John Bolton to Replace McMaster as National Security Adviser

Outspoken ultra-hawk Bolton is advocating US attacks worldwide

National Security Adviser H.R. McMaster, the second in President Trump’s 14 month term in office, has been on the outs for awhile, and today was announced to be removed in the days to come. He will be replaced by ultrahawk John Bolton.

Gen. McMaster, a three-star general, was said to be out of favor with Trump almost immediately, and for months there’ve been reports the Pentagon was looking for something else for him to do. McMaster, however, will request retirement rather than get shipped to Afghanistan.

That leaves Bolton, a troublingly pro-war character who reportedly has been meeting with Trump on foreign policy matters, to take up the position, effectively April 9. Bolton’s recent writing have centered around advocating a US attack on North Korea, though in the past he has also advocated US attacks on myriad other countries, virtually anyone the US has anything more than a token disagreement with.

Bolton previously served, briefly, as the Bush Administration’s Ambassador to the UN, though this was only a recess appointment, with Democrats and Republicans blocking both a formal appointment in 2005, and refusing to confirm him, forcing him out in 2007. Since then, he’s mostly written privately to advocate assorted wars, will advocating for the Mujahedin-e Khalq (MeK), which was at the time on the US list of terrorist organizations, but was subsequently removed.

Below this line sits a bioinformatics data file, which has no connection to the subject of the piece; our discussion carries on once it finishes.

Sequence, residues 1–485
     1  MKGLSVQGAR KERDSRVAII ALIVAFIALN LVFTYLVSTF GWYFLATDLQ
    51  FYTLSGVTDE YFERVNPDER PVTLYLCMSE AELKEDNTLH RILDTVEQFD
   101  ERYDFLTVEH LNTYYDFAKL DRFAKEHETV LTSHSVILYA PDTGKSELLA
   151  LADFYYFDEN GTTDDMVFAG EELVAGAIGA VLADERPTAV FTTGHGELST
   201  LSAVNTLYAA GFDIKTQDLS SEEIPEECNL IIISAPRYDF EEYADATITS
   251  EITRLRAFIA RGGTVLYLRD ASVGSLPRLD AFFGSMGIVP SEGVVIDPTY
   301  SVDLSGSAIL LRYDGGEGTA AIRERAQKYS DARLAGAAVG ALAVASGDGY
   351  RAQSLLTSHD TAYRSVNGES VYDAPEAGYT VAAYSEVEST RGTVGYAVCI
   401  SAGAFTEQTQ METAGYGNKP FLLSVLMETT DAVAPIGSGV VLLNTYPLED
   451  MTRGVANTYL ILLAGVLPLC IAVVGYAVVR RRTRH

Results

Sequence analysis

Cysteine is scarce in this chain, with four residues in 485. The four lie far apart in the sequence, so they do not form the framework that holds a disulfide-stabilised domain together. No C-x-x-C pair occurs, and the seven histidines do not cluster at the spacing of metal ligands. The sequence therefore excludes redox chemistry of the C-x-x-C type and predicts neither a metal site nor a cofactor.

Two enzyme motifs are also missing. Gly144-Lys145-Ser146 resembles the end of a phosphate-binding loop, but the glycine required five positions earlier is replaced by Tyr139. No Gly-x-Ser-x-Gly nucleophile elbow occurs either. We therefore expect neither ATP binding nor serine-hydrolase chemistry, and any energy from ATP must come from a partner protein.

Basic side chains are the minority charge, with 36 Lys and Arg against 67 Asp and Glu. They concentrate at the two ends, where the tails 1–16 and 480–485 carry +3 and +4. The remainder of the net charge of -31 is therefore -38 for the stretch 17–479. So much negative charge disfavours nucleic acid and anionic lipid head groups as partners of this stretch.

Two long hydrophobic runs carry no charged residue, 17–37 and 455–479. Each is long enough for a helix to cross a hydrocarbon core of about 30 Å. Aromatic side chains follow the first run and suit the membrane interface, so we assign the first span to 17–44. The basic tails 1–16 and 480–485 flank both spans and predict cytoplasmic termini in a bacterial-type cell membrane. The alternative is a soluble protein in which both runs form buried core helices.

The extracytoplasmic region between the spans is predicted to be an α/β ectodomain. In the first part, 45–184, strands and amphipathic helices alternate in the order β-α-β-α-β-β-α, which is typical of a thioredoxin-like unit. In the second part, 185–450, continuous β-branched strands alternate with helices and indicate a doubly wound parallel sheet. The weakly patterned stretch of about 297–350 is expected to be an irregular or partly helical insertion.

The MeK is part of Bolton’s long-time obsession with pushing for a US attack on Iran, which has led to protracted advocacy for US military aggression and desperate attempts to sway public opinion in such a way as a make such a war more politically viable. With Trump already set to kill the P5+1 nuclear deal with Iran, he finally has a National Security Adviser who will not only back such a move, but keep pushing for further escalation of tensions until the bombs start falling on Tehran.

How much this means for US foreign policy isn’t clear, but it can’t possibly be a good sign, despite CNN’s report Bolton promised not to “start any wars.”  Bolton has previously been mentioned as a candidate in several of Trump’s appointments, and has always been the most hawkish, most dangerous man on the list.

Author: Jason Ditz

Jason Ditz is Senior Editor for He has 20 years of experience in foreign policy research and his work has appeared in The American Conservative, Responsible Statecraft, Forbes, Toronto Star, Minneapolis Star-Tribune, Providence Journal, Washington Times, and the Detroit Free Press.